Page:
The launch of the PlayStation 5 on Nov. 12 kicks off the beginning of the next-gen console era — but it’s not just a transition for games. For many users, the hardware will also become a destination for streaming entertainment. A PS5 without Netflix or Disney Plus or HBO Max (finally) may not be a desirable console for the consumer who wants it all. And now, with the console out, we have the full list of what Sony features alongside its own movie and TV marketplace. The pickings are slimmer than on Xbox, but that’s the give and take of the “next generation.”
Which of PS5 apps make sense for you? Here’s a more in-depth breakdown of a few of the bigger offerings.
Amazon Prime Video
In addition to free one-day shipping, discounts at Whole Foods, and exclusive Twitch benefits, one of the biggest Amazon Prime perks is access to the company’s streaming service. Amazon Prime Video offers a massive library of free content for subscribers, including original TV shows and movies alongside licensed properties.
Amazon Video is one of the few video-on-demand platforms to offer other streaming services as add-ons. With Amazon Channels, Prime members can subscribe to services like HBO or Shudder without leaving the Amazon Video app. Notably, though, its biggest competitors — Hulu and Netflix — aren’t available via Amazon Channels ... yet.
Subscribe here: Amazon
Apple TV Plus
Unlike Hulu or Netflix, Apple isn’t licensing third-party content for Apple TV Plus. At least at launch, Apple TV Plus is solely a hub for Apple’s own original programming. Structurally, it’s closer to a premium over-the-top add-on like HBO Now than a major platform like Amazon. Still, Apple brings a signature Silicon Valley polish — not to mention heaps of money — to its impressive roster, which includes big names like Steven Spielberg, J.J. Abrams, Jennifer Aniston, and Oprah.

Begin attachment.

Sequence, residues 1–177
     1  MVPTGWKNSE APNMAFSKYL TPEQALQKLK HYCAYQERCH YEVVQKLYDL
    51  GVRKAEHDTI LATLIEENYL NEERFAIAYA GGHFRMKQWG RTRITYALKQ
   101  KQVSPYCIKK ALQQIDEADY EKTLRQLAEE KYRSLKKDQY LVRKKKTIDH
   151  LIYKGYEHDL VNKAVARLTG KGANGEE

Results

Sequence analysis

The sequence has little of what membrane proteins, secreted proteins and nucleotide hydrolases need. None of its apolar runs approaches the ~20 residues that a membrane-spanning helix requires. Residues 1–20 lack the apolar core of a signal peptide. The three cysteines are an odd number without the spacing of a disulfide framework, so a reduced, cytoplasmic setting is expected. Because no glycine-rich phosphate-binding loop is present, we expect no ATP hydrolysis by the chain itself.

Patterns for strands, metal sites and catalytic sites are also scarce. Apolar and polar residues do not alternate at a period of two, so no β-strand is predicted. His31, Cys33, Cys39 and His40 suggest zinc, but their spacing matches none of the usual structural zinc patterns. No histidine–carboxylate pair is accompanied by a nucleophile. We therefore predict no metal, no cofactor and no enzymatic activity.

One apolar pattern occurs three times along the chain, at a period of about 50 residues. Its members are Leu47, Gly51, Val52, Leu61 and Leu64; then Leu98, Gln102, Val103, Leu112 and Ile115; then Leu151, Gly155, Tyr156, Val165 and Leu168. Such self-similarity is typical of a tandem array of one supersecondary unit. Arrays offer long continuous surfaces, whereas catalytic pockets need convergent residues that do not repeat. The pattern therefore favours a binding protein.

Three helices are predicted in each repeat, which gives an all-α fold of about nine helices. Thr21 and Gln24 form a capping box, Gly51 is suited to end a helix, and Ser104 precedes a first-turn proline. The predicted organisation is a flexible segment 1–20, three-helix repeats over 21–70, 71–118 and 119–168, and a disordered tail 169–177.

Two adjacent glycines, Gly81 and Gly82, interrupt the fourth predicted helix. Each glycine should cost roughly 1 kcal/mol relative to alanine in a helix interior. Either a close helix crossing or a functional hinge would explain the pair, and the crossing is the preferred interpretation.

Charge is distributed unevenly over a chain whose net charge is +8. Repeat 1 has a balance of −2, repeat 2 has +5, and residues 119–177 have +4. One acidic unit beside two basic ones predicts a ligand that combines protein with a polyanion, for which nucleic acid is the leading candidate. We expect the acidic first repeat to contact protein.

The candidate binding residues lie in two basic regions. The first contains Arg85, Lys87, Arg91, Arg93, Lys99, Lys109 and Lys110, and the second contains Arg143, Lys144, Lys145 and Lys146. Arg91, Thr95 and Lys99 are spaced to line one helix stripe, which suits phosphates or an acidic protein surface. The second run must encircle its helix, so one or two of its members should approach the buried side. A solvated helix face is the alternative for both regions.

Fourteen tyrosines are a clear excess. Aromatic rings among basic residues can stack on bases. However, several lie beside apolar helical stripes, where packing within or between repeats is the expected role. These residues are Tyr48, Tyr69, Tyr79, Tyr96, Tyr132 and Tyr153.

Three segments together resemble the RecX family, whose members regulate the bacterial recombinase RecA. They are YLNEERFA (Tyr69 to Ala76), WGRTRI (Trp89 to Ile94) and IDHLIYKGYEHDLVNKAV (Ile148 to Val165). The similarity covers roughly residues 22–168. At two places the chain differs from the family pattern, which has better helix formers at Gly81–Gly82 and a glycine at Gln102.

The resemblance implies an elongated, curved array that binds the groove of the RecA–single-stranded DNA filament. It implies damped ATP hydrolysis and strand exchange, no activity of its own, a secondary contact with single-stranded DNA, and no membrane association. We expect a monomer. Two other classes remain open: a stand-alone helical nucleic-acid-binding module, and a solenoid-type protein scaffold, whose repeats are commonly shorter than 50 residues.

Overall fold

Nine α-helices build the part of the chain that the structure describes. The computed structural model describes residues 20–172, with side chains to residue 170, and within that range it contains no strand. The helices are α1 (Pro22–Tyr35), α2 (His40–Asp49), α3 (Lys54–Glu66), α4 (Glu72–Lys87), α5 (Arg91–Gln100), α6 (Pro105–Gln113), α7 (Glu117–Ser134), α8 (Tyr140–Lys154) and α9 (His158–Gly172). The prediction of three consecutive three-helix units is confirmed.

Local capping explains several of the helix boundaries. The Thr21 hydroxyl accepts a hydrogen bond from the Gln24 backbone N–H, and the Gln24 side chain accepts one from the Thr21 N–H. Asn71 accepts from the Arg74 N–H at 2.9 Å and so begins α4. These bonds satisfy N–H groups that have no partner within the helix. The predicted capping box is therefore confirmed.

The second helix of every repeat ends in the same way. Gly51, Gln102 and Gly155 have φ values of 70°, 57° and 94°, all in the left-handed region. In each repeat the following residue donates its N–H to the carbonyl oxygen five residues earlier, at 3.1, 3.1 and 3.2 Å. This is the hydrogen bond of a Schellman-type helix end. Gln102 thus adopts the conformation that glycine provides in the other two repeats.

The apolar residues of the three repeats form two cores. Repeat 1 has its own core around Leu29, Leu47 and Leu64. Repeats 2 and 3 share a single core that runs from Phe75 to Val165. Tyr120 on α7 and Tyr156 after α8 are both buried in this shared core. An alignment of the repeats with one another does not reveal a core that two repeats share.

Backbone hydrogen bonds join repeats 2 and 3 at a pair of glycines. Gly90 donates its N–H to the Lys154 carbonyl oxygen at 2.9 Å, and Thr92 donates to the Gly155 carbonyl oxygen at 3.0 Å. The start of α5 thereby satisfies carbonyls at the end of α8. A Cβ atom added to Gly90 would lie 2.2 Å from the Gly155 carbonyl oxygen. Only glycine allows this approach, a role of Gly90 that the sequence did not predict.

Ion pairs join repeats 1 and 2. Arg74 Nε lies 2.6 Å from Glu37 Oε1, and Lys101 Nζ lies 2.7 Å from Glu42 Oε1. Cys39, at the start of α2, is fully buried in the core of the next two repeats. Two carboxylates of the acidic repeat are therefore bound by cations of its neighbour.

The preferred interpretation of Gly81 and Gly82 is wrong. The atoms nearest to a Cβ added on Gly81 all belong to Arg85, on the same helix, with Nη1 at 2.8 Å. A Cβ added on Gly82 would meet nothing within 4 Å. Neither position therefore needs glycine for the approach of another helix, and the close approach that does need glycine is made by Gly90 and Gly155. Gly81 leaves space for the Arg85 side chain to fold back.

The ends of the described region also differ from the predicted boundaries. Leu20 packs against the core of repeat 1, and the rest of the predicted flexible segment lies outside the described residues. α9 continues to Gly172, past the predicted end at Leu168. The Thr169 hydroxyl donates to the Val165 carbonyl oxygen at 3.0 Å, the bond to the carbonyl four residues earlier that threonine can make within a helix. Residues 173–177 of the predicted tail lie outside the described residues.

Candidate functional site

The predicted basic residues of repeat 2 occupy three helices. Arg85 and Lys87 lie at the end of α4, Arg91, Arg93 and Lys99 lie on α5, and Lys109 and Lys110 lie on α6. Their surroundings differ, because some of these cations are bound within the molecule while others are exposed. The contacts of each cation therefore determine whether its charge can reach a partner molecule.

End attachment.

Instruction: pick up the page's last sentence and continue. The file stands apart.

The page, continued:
Subscribe here: Apple
The largest streaming service for licensed anime, Crunchyroll has also branched out into original programming. Some content is available for free, but a premium membership gets rid of ads, and includes access to simulcasted shows as soon as an hour after they air in Japan.
What it costs: $7.99/month; $9.99/month bundled with VRV
What to watch: Polar Bear Café, Mob Psycho 100, Yuri!!! On Ice, Laid-back Camp
If you’re looking for a one-stop shop for boxing and MMA, DAZN is your streaming service. The European counterpart for DAZN offers every sport under the sun, but as the company inches its way into the Americas, fans will have to settle for just people hittin’ other people for now.
What it costs: $19.99/month; $99.99/year
What to watch: Punching, kicking, other fighting
Subscribe here: DAZN
Disney Plus offers original programming like the Star Wars spinoff The Mandalorian and High School Musical: The Musical: The Series, but its biggest draw is Disney’s back catalog. More than anything, Disney Plus is proof that Disney owns a mind-numbing collection of IP — and with more on the way. This fall promises the direct-to-streaming release of Pixar’s Soul and the new Marvel series WandaVision.
Subscribe here: Disney
All of ESPN’s live offerings and library of sports content can be streamed through the PS5. Anyone who thinks they need this and Disney Plus can bundle the two with Hulu for a discount.
What it costs: $5.99/month; $49.99/year
What to watch: Sports! Plus movies like the 30 for 30 documentaries.
Subscribe here: ESPN+
Much like the company’s web experience, the Funimation app offers both free viewing and a Premium tier for all your ad-free anime-viewing needs. And there are plenty of simulcasts to keep track of each month.
What it costs: $7.99/month for Funimation Premium (with a 14-day free trial)